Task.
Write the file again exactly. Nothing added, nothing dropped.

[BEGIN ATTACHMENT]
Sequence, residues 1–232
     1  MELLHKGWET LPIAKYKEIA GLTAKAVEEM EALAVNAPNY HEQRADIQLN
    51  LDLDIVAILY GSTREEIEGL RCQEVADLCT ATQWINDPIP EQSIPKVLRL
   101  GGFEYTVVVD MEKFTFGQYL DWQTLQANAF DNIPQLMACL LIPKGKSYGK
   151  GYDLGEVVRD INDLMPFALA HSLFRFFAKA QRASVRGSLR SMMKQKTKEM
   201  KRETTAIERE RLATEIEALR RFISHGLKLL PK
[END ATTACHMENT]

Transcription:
Sequence, residues 1–232
     1  MELLHKGWET LPIAKYKEIA GLTAKAVEEM EALAVNAPNY HEQRADIQLN
    51  LDLDIVAILY GSTREEIEGL RCQEVADLCT ATQWINDPIP EQSIPKVLRL
   101  GGFEYTVVVD MEKFTFGQYL DWQTLQANAF DNIPQLMACL LIPKGKSYGK
   151  GYDLGEVVRD INDLMPFALA HSLFRFFAKA QRASVRGSLR SMMKQKTKEM
   201  KRETTAIERE RLATEIEALR RFISHGLKLL PK